Firstly, what is a Lionfish derby?
Well, it’s a competition to collect and euthanize as many lionfish as possible. Divers attend a required kickoff briefing. In the briefing, you’ll learn the rules, biology, effects on our reefs and reef fishes, hunting and handling techniques. Not all derbies are the same; however, awards for the most lionfish, largest, smallest, and raffle awards are up for winning.
60,000 lionfish in the region have been culled thanks to programming put on by REEF and other organizations.
Florida has great diving and great lionfish hunting all around the state. Deerfield Beach, FL is one of my favorite places to dive along with the gorgeous Florida Keys, but it is the sheer quantity of lionfish in the northern Gulf of Mexico that makes it one of the best places to hunt lionfish.
Lionfish have been found in water depths from 1 to 300 feet on hard bottom, mangrove, seagrass, coral, and artificial reefs (like shipwrecks).
How can I help, I want to euthanize Lionfish?
Native to the Pacific Ocean, lionfish are progressively invading the north-western Atlantic and the Caribbean, where they have no natural predators. Learn what action is needed to control the lionfish population and, during two scuba dives, learn practical ways to safely capture and euthanize these fish.
Defined as nonnative species that become established outside of their native range, and whose introduction causes harm or is likely to cause harm, invasives can disrupt natural habitats, hurt local economies and threaten human health. Invasives cause billions of dollars of damage every year, and approximately 42% of species that are listed as Threatened or Endangered in the U.S. are at risk primarily due to invasives. Invasive species are found in practically every ecosystem in the world—including our ocean.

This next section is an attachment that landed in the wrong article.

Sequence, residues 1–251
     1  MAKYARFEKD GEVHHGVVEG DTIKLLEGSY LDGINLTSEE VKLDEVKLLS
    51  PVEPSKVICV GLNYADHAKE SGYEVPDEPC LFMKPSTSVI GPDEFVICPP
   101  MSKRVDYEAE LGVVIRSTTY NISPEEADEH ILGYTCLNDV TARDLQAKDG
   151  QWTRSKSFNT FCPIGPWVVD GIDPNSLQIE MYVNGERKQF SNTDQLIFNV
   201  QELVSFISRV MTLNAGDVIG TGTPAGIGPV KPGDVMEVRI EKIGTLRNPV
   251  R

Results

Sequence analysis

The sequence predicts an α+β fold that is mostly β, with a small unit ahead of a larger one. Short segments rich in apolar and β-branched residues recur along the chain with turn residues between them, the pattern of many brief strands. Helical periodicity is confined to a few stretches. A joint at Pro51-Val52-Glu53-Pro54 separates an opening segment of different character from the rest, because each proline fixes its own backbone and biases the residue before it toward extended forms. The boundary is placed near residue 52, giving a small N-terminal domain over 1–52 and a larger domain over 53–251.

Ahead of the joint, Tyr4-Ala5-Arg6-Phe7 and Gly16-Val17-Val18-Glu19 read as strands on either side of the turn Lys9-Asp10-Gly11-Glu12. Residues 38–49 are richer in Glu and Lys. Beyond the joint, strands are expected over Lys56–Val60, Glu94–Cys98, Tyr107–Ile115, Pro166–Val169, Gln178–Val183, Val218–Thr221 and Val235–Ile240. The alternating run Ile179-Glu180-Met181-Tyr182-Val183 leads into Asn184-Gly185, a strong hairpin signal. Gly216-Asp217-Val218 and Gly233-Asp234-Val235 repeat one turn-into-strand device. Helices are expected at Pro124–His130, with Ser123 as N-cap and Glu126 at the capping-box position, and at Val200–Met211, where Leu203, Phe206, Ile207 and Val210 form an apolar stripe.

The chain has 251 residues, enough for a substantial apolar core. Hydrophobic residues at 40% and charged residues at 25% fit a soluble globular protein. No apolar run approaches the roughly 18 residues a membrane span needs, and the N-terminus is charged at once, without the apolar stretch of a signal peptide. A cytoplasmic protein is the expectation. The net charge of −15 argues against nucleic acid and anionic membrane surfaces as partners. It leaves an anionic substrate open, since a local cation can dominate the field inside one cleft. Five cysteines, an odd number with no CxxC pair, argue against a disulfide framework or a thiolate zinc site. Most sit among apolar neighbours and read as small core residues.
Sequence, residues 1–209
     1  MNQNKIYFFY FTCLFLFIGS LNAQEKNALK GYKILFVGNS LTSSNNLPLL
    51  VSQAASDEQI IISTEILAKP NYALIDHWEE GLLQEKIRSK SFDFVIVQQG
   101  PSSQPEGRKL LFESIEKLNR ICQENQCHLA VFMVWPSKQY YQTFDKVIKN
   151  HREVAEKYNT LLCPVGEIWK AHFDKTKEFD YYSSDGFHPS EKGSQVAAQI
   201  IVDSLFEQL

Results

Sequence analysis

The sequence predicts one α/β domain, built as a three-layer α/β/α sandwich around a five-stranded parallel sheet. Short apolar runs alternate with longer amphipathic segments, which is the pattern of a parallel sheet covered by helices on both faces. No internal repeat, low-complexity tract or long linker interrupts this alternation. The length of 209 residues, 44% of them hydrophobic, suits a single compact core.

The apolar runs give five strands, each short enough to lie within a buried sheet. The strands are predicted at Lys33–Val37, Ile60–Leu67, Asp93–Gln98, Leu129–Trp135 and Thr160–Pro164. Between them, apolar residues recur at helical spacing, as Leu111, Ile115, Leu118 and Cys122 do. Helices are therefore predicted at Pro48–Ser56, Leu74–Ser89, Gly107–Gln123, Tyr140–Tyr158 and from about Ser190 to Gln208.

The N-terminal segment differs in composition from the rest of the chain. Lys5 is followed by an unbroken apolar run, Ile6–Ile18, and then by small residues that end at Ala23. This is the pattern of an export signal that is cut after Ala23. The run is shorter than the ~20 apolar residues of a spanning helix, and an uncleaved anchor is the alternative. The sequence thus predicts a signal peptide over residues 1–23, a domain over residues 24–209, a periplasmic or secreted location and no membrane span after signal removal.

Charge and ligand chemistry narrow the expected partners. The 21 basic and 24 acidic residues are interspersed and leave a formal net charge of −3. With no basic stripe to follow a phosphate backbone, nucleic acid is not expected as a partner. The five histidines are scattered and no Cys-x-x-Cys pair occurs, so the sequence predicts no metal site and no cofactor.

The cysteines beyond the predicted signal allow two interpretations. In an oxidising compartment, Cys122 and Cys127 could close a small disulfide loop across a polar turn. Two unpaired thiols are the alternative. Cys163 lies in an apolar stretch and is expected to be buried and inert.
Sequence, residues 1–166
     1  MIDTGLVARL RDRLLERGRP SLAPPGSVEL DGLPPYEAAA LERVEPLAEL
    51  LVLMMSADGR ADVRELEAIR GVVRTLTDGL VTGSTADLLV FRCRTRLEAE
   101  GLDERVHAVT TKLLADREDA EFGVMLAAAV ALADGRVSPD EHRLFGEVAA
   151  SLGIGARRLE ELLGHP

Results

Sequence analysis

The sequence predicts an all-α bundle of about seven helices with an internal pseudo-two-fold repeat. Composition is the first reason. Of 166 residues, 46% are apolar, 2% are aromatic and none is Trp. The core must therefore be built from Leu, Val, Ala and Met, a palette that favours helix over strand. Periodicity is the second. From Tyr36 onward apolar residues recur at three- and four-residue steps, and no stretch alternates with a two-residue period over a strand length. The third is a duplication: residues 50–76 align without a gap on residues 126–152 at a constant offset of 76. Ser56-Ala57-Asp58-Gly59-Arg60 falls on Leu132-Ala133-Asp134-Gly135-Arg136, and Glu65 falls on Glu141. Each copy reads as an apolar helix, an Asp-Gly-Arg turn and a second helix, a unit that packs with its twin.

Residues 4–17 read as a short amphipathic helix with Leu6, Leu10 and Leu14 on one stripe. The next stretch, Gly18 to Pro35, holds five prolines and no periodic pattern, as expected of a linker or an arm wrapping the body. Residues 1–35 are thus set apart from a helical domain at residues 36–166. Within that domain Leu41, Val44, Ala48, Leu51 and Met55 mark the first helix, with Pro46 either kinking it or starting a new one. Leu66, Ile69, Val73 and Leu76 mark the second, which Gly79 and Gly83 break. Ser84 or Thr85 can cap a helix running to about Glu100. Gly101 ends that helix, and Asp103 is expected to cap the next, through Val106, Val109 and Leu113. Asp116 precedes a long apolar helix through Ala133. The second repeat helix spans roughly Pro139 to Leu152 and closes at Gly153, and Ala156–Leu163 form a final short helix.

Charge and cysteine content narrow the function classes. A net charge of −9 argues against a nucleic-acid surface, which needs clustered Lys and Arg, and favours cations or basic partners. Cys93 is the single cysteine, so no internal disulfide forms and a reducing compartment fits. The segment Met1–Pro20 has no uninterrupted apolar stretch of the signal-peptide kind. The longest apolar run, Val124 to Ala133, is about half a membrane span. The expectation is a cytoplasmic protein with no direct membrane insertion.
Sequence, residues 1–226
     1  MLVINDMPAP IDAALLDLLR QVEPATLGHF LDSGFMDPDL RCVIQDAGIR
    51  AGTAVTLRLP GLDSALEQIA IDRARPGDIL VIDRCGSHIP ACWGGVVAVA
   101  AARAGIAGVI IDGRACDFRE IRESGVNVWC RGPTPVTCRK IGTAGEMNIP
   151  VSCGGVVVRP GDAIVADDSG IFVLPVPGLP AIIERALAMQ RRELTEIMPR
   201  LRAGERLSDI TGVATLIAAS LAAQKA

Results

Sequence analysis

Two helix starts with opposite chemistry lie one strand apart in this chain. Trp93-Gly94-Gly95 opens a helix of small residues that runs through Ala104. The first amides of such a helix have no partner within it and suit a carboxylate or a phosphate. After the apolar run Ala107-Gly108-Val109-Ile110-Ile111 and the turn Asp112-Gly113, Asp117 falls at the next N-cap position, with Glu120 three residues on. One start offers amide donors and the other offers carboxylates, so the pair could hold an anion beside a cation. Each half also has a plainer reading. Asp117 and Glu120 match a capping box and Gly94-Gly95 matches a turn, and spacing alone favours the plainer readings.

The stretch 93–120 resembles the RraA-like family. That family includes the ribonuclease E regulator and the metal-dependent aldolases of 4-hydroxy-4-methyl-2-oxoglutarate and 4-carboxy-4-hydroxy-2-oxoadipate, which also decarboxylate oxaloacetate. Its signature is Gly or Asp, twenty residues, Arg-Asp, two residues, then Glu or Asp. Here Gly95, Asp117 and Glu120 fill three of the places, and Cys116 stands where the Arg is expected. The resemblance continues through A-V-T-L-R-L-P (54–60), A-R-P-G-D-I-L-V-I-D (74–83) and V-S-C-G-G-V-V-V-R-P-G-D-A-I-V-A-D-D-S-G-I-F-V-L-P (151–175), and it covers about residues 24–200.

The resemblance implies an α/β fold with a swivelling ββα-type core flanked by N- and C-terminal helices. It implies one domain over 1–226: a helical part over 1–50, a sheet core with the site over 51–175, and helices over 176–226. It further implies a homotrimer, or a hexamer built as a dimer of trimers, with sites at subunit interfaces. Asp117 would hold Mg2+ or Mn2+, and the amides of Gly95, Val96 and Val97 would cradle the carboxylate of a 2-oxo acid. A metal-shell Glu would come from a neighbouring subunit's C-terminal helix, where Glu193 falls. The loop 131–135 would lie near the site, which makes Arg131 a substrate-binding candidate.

No matter where you live, chances are you’ll be able to find invasive species volunteer opportunities nearby. Check out your closest state or national park’s website to see if they host invasive species walks—many organize half-day hikes where you learn to identify and remove invasive plants. Some state governments, including New Hampshire, Virginia and Massachusetts, organize training programs where you can become a “Weed Warrior” and are certified to conduct removals on state property. It’s easy to combine invasive species removal with other recreation, too—you can hire guides to spearfish for lionfish, or bow hunt for snakehead, for example.
Can’t find a removal event nearby? Organize your own! Learn to identify and effectively remove invasive plants in your area (just make sure you’re not accidentally removing a native species). And if you see an unfamiliar plant or animal in your community, report it to a local environmental, state or academic group specializing in invasive species management.
- Get open water certified to dive.
- Learn PADI’s Distinctive Specialty Count: Invasive Lionfish Tracker“
- Buy Lionfish hunting gear
- Buy lionfish jewelry
- Join REEF
- Make donations to help other organizations.
- Volunteer for Fish Survey Projects
- Participate in a Lionfish Derby
- Do a snorkel survey
- Host a Lionfish Derby (FWC will help too)
- Hunt Them! Divers Needed.
- Eat Them! They taste like chicken. LOL!
- Stop Importing Them! Ban lionfish as aquarium imports.
- Smartphone App! Divers report sightings.
- Don’t feed them to other ocean life! It trains sharks and so forth to associate eating with divers.
- There are resources to teach kids too!
- Eat them!
Lionfish are an invasive species that were introduced to the Atlantic Ocean by humans. They have no natural predators in the Atlantic and as a result, their populations have exploded, causing damage to coral reefs and native fish populations. It’s important to spread awareness about the negative impact of lionfish on the environment and encourage people to take action to reduce their populations. One way to help control the spread of lionfish is to consume them as a food source. Lionfish are safe to eat and taste great, and many chefs are including them on their menus to help control their populations. Additionally, participating in lionfish removal efforts through events like lionfish hunting tournaments can also help reduce their numbers. Another essential step in lionfish conservation is educating people about the risks of releasing lionfish into the wild. Many people who keep lionfish in their home aquariums will release them into the ocean once they get too big or become bored with them. This can lead to the introduction of even more lionfish into the wild, causing further damage to the ecosystem. Overall, reducing the lionfish populations through targeted removal efforts, promoting the consumption of lionfish, and educating people about the risks of releasing lionfish into the wild are all crucial steps in lionfish conservation.